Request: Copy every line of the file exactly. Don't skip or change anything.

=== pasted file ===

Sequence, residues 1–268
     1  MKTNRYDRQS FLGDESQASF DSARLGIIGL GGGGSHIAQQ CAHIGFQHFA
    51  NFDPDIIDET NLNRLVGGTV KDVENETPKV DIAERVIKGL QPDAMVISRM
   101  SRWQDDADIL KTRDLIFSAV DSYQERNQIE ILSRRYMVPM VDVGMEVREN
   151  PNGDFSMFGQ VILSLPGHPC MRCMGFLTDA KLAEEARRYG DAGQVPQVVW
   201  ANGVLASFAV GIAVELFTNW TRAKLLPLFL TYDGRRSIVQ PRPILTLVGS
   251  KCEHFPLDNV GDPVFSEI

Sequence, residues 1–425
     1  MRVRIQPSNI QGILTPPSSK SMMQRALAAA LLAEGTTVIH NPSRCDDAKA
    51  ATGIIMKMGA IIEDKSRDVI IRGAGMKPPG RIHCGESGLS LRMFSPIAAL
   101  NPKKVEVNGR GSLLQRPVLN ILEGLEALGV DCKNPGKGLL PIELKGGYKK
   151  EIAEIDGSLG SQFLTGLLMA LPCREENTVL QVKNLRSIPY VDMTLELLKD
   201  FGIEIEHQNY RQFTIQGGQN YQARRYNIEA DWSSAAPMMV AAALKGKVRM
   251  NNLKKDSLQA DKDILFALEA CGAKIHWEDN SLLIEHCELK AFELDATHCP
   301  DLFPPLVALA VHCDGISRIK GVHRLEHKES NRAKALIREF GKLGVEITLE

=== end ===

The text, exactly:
Sequence, residues 1–268
     1  MKTNRYDRQS FLGDESQASF DSARLGIIGL GGGGSHIAQQ CAHIGFQHFA
    51  NFDPDIIDET NLNRLVGGTV KDVENETPKV DIAERVIKGL QPDAMVISRM
   101  SRWQDDADIL KTRDLIFSAV DSYQERNQIE ILSRRYMVPM VDVGMEVREN
   151  PNGDFSMFGQ VILSLPGHPC MRCMGFLTDA KLAEEARRYG DAGQVPQVVW
   201  ANGVLASFAV GIAVELFTNW TRAKLLPLFL TYDGRRSIVQ PRPILTLVGS
   251  KCEHFPLDNV GDPVFSEI

Sequence, residues 1–425
     1  MRVRIQPSNI QGILTPPSSK SMMQRALAAA LLAEGTTVIH NPSRCDDAKA
    51  ATGIIMKMGA IIEDKSRDVI IRGAGMKPPG RIHCGESGLS LRMFSPIAAL
   101  NPKKVEVNGR GSLLQRPVLN ILEGLEALGV DCKNPGKGLL PIELKGGYKK
   151  EIAEIDGSLG SQFLTGLLMA LPCREENTVL QVKNLRSIPY VDMTLELLKD
   201  FGIEIEHQNY RQFTIQGGQN YQARRYNIEA DWSSAAPMMV AAALKGKVRM
   251  NNLKKDSLQA DKDILFALEA CGAKIHWEDN SLLIEHCELK AFELDATHCP
   301  DLFPPLVALA VHCDGISRIK GVHRLEHKES NRAKALIREF GKLGVEITLE